Agriculture Secretary Tom Vilsack spoke on the banks of the Mississippi River in St. Louis about the importance of sustaining the record-breaking productivity of America's farmers and ranchers (28 March).
From the waterway that handles two-thirds of the nation's grain traffic – much of it destined for export markets around the world – Vilsack encouraged an audience of agriculture leaders from Missouri to focus on trade opportunities outside of our borders, as 95 percent of consumers live in foreign countries. Vilsack pointed to the U.S.-Korea Trade Agreement, which needs congressional ratification, as a means of sustaining the growth of the U.S. agriculture sector. Strong trade will be a key contributor to building an economy that continues to grow, innovate and out-compete the rest of the world.
"Within 500 miles of St. Louis, farmers are producing more than three quarters of the nation's corn and soybean crops, injecting $75 billion into the global economy and supporting 265,000 jobs for this region," said Vilsack. "At the heart of the nation's farm economy, St. Louis and this region are pumping life into the national economy. Farm exports alone will support more than one million jobs in America this year. And every dollar in exports generates another $1.31 in economic activity. Congress can help U.S. farmers and ranchers sustain their record growth by passing smart trade deals like the U.S.-Korea Trade Agreement, which will increase exports and support job creation here at home."
President Obama's National Export Initiative (NEI), a program intended to coordinate federal efforts to double U.S. exports by 2014 and create several million new jobs, is providing support to businesses big and small to reach more of the world's consumers, said Vilsack. Some of the world's most noteworthy agribusinesses call St. Louis home, employing 20 percent of the workforce within a 500-mile radius of the city. On-farm employment represents just one-tenth of all agriculture-related employment, as opportunities in research, education, food processing, and trade are abundant in the area. At the same time, Missouri farm exports have doubled in value over the past five years, giving farm income and on-farm jobs a boost.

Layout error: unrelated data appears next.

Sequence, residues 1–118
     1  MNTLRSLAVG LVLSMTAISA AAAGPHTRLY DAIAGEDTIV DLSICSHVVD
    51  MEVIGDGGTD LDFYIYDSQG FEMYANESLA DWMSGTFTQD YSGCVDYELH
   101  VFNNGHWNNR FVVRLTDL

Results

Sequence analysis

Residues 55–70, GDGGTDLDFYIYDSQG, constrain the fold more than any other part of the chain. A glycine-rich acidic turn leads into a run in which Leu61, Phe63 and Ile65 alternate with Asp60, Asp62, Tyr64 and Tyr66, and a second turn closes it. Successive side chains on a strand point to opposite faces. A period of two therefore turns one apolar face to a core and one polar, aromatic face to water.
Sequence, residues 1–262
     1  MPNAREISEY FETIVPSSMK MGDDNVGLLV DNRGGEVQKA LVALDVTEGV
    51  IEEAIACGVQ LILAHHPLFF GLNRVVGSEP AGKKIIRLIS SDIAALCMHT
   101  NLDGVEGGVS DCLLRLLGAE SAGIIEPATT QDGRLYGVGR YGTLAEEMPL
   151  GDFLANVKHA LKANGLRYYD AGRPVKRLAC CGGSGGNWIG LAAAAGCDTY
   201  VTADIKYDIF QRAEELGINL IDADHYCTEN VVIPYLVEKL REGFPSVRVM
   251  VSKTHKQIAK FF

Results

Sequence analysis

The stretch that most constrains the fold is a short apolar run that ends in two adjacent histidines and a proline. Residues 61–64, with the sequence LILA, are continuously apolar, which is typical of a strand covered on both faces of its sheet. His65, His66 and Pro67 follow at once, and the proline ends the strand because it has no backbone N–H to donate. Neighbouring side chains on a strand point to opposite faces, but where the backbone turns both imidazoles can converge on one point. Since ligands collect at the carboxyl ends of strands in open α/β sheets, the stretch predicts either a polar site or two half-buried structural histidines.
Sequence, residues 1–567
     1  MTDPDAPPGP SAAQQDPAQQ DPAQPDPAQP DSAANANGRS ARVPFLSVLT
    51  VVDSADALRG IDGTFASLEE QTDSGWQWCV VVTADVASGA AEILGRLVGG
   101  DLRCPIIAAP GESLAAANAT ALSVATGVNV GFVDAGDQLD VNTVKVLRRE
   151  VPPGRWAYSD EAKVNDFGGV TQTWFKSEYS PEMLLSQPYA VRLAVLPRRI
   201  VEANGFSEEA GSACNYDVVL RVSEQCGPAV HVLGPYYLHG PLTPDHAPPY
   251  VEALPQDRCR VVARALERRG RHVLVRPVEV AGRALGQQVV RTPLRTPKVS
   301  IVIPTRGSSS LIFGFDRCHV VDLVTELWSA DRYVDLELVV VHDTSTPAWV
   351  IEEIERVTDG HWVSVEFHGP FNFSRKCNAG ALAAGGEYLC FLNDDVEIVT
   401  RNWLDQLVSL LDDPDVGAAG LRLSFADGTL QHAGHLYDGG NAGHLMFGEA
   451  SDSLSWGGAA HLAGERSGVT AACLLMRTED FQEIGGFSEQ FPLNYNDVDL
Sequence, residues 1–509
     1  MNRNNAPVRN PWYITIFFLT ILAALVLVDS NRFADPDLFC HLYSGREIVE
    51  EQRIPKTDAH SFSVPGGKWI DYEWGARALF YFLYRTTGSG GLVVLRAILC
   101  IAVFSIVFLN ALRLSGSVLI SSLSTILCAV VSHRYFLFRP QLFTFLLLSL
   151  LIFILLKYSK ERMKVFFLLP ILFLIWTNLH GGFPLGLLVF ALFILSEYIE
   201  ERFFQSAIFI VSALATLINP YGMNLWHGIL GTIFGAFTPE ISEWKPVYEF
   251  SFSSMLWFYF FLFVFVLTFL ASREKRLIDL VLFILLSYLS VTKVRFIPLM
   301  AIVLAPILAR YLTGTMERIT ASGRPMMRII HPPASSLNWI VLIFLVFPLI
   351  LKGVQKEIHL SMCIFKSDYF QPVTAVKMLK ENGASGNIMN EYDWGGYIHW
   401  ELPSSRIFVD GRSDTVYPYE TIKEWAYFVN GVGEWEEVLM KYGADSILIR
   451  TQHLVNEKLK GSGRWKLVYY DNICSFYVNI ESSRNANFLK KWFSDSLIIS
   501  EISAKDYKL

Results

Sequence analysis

Vilsack pointed out that economic output is estimated to grow more under U.S.-Korea agreement than from the United States' last nine trade agreements combined. That type of growth would bring additional jobs to agriculture-focused areas like the ports and infrastructure along the Mississippi River, from Minneapolis to New Orleans, said Vilsack. USDA recently reported that grain barge traffic on the Mississippi near St. Louis was up 126 percent over last year.
Vilsack discussed how the U.S.-Korea Trade Agreement, which needs congressional ratification, will add tens of thousands of jobs to the U.S. economy, especially in major agriculture-producing states like Missouri. The U.S.-Korea Trade Agreement would eliminate tariffs on a variety of American goods – including agricultural products like soybeans, feed grains and beef – while adding tens of thousands of jobs to our economy.
Exports of U.S. farm goods in fiscal year 2011 (Oct. 1, 2010 – Sept. 30, 2011) are projected to surpass previous records by $20 billion. The agricultural trade balance – a balance of U.S. exports versus foreign imports – is also projected to set a record surplus of $47.5 billion in 2011. In his remarks, Vilsack noted that every $1 billion in farm exports supports roughly 8,400 jobs in the United States.